The efforts of Enshu natives like these has made the region one of Japan's leading centers of Monozukuri and the home of vehicle manufacturers like Suzuki, Honda and Yamaha, leading musical instrument makers, many small- and mid-sized companies and ventures boasting industry-leading specialized technologies, and companies in the field of photonics and electronics such as Hamamatsu Photonics K.K., known for its advanced sub-atomic particle (neutrino) R&D.
*Kando is a Japanese word for the simultaneous feelings of deep satisfaction and intense excitement that we experience when we encounter something of exceptional value.
Community Programs for Developing Sporting Culture and Preserving the Local Environment
Firmly rooted in the Enshu region for more than 60 years, or 120 years if you include the Nippon Gakki era, engaging with the local communities in Hamamatsu, Iwata and other areas has always been a natural endeavor for Yamaha. Before terms like “Corporate Social Responsibility” (CSR) became widespread, Yamaha Motor had long been involved a wide variety of such activities.
A good example is the Yamaha Jubilo Soccer School for local elementary and middle school students. The school was launched back in 1974, when the Jubilo Iwata professional football team of today was still a Yamaha Motor employee club team, and it is aimed at getting more children to experience the fun of playing football and to encourage people to embrace a lifetime of involvement in sports. In rugby as well, Yamaha Motor Jubilo players Ayumu Goromaru and Male Sau were selected for the Japanese national team that competed with such success in the Rugby World Cup 2015 in England, and the team itself has long been involved in outreach programs. Some examples are its Friendship Program of experiential rugby events for elementary school children in Iwata and the surrounding areas, and the Yamaha Motor Rugby School taught by former team members. Through such programs, the company has sought to nurture the spirit of cooperation among teammates and colleagues, concern for others and physical education that contributes to healthy minds and bodies.
Another community-oriented event we are involved in is the annual Bike no Furusato Hamamatsu (Hamamatsu, the Hometown of Motorbikes) festival. The three Hamamatsu-born manufacturers of Honda, Suzuki and Yamaha work together and help put on the event, presenting two days of stage performances, demo rides, riding courses for children and their parents, Monozukuri experience workshops, product exhibits and a variety of other attractions for the enjoyment of the local population and tourists.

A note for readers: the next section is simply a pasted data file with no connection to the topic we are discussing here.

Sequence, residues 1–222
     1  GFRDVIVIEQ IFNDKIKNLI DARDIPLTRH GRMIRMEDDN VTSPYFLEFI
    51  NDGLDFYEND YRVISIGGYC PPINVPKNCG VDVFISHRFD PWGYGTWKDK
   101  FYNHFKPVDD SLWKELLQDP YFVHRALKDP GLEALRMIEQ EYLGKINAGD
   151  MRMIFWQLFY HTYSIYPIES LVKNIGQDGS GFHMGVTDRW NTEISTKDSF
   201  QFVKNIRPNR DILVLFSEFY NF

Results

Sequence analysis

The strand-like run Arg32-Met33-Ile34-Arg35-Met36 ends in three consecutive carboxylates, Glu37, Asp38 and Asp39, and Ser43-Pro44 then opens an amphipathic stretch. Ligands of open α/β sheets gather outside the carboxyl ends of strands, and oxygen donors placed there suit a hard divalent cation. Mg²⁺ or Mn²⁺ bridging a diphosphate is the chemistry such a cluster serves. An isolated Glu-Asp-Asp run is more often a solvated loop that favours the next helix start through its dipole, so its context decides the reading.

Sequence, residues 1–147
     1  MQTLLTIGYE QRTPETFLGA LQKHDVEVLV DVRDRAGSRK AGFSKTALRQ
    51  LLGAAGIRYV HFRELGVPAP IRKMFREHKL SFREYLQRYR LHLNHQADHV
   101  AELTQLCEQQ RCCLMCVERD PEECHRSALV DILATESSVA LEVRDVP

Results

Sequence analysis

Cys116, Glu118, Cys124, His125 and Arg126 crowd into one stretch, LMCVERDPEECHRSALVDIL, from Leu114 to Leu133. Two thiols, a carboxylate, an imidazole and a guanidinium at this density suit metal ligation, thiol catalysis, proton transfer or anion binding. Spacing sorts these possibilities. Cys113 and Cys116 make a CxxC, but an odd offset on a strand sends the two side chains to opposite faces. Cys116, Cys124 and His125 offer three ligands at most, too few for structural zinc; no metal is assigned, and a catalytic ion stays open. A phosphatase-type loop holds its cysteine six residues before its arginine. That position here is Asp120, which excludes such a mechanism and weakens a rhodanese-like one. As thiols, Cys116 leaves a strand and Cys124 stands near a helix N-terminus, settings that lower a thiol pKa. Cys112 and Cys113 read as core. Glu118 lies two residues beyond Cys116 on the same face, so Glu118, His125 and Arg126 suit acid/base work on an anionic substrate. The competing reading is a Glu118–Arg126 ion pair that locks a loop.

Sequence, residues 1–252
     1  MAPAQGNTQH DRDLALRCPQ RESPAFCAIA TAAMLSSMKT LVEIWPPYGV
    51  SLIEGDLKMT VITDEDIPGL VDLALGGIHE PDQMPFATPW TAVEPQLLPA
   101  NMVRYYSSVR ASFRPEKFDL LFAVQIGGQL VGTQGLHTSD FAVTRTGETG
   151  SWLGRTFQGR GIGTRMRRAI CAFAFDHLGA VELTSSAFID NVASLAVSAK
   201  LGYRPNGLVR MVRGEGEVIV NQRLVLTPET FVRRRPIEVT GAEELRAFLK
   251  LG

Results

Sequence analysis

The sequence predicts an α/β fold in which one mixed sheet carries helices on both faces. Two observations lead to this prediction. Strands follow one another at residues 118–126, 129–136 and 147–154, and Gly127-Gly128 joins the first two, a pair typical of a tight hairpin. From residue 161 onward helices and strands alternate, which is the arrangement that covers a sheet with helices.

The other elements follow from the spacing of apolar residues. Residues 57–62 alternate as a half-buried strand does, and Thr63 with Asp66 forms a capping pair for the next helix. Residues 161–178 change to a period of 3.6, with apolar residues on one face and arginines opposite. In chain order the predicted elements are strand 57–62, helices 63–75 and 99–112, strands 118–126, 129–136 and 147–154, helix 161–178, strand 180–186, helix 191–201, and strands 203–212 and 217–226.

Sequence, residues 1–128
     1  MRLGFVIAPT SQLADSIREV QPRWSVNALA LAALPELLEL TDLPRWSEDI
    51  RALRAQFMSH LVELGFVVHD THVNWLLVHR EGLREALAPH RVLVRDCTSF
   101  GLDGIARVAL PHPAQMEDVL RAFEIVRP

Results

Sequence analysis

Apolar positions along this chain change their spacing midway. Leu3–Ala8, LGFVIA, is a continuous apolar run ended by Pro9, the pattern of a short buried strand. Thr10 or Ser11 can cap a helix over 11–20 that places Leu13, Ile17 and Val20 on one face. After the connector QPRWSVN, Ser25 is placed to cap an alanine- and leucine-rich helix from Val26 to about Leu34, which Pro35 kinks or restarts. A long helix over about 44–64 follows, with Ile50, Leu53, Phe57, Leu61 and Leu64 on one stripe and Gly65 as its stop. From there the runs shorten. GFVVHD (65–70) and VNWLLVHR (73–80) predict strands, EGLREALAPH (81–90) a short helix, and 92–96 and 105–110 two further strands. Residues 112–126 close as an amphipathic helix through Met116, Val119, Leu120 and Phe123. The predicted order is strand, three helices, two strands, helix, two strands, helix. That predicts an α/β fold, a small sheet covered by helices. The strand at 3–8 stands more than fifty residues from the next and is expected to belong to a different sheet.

Besides industry, Shizuoka is also a prefecture blessed with a beautiful natural environment with mountains, rivers, lakes and an ocean coastline. To help protect and preserve this environment, Yamaha has worked on an ongoing basis in cooperation with its group companies and local community groups in forest-planting activities, a Beach Clean-up Campaign and an environmental preservation program to protect the sites along the Enshunada coast where endangered loggerhead sea turtles lay their eggs and to make sure the hatched baby turtles safely reach the sea.
Also, as we introduced in our last issue, through the Communication Plaza at Yamaha Motor headquarters, we are also involved in community outreach by putting on exhibitions about various products from our lines of business, introducing our corporate history, holding activities and events involving racing and more. Furthermore, there are other Plaza programs for educational institutions, focusing primarily on elementary and middle school students in Shizuoka Prefecture as a form of Monozukuri education, like invitations for factory tours. Events for families include ones where children and their parents can experience taking apart and re-assembling an engine or hand-building a model boat.
With programs like these, Yamaha will continue to carry on the spirit of its corporate heritage handed down from its earliest years, continue to take on new challenges to build on the unique style of Yamaha Monozukuri and fulfill our mission of “offering new excitement and a more fulfilling life for people all over the world” from its home of Enshu.